9 July 1998 Edition

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O Caoláin calls for amnesty as Bill is passed

by Michael Pierse

Sinn Féin TD Caoimhghín O Caoláin called for the implementation of the principles enshrined in the Good Friday agreement, in the face of opposition from TDs Proinsias De Rossa and Charlie Flanagan to the ``Release of Prisoners Bill'', which was discussed in Leinster House last Thursday.

O Caoláin asserted that the Bill was consistent with the Good Firday document, which had been accepted by the overwhelming majority of the Irish people: ``This Bill has been drafted with the clear remit of giving effect to the release of all those imprisoned in this state as a consequence of the conflict which has raged on and between these islands ove the past three decades. This is in line with the outcome of the recent multi-party talks at Stormont and the ratification by the electorate throughout this island of the agreement reached.''

``During my first year as TD I have visited gaols in every state where Irish republican prisoners are held... I have met with prisoners who have maintained their political integrity and personal dignity through the worst ravages of abusive regimes, some incarcerated now well in excess of 20 years.''

O Caoláin commended the prisoners and their families for the integral role they have played in progressing the peace process. ``Irish republican prisoners - as politcal activists and not as hostages - have played a key part in the peace process... I pay tribute to these prisoners and especially their families who have endured so much.''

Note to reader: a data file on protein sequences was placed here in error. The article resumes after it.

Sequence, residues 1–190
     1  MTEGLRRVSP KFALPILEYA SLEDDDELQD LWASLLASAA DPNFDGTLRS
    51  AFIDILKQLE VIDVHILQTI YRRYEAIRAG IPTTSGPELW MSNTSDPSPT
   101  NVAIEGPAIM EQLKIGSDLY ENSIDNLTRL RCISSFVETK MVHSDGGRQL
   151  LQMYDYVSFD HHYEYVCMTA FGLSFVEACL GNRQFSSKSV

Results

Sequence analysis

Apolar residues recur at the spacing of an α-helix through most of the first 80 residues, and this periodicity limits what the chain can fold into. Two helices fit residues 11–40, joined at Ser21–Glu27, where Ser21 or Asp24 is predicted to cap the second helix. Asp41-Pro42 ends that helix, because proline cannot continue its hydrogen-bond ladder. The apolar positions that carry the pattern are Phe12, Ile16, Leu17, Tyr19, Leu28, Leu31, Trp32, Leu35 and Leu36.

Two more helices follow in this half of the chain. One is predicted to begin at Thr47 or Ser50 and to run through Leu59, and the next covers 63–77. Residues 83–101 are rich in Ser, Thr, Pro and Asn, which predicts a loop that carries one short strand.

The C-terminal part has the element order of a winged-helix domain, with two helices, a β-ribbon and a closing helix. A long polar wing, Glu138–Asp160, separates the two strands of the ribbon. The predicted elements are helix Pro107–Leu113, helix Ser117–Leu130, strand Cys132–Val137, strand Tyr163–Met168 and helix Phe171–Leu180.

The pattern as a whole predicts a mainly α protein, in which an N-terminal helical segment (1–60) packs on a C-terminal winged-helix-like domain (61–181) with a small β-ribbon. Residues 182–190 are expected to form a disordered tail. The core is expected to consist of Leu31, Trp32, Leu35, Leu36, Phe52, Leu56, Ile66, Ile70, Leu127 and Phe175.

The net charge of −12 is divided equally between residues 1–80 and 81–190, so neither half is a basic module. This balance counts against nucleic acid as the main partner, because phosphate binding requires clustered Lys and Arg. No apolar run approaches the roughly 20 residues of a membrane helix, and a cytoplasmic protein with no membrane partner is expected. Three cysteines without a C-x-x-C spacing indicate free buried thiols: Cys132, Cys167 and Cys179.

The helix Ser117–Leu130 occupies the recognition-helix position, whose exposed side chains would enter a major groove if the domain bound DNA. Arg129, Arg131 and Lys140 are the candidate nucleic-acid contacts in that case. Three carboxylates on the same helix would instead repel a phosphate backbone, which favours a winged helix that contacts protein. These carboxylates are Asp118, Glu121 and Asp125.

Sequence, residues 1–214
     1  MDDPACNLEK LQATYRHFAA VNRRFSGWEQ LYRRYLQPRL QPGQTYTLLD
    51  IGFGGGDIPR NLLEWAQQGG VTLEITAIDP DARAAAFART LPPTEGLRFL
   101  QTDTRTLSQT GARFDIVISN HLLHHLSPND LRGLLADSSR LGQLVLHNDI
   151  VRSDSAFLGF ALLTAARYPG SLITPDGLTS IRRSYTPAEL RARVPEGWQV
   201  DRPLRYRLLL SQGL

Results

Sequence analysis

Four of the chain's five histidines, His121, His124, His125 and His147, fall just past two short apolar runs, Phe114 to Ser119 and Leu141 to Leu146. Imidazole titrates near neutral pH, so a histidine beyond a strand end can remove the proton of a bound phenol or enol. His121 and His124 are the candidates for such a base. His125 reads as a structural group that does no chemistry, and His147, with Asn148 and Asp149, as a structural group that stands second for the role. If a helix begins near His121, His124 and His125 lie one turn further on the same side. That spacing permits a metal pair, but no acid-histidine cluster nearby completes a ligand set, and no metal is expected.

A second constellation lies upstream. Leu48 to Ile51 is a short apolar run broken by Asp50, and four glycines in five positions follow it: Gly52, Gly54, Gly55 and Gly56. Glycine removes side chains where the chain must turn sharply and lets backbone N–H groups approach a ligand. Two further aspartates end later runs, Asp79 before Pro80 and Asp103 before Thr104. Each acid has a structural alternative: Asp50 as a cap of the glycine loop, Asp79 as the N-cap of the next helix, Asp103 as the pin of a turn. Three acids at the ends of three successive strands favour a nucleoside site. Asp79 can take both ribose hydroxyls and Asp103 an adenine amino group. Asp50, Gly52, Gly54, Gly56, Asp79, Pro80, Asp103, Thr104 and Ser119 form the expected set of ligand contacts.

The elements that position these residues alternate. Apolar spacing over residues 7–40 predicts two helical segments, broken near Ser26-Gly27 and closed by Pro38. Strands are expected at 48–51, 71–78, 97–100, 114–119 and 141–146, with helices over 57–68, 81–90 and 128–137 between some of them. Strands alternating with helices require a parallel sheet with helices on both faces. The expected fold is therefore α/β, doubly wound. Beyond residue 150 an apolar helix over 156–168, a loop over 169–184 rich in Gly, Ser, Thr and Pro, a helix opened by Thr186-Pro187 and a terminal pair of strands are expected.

The Cavan/Monaghan SF representative castigated the ``quite cynical and selective political and media manipulation of the views of a section of victims of the conflict... This has been done in order to resist the principle that in a conflict resolution situation the release of political prisoners is essential.''

Emphasising the impetus provided to usher forward an era of change, he said, ``to set victims against prisoners and their families, who have themselves suffered much, is to return to the old mindset of conflict.''

Although releases have to be accompanied by other changes, he said, ``among the number of outstanding issues that remain to be adressed include the need to end political extradition; the plight of prisoners in the US; uncertainties and fears of those and their families facing deportation from the US; regularisation of the status of prisoners already released here - those on licence.''

Shortly before the Bill was passed, O Caoláin said, ``a spirit that matches the hope and expectation of the Irish people is required here today - not a begrudging, minimalist and selective attitude towards this critical issue.''

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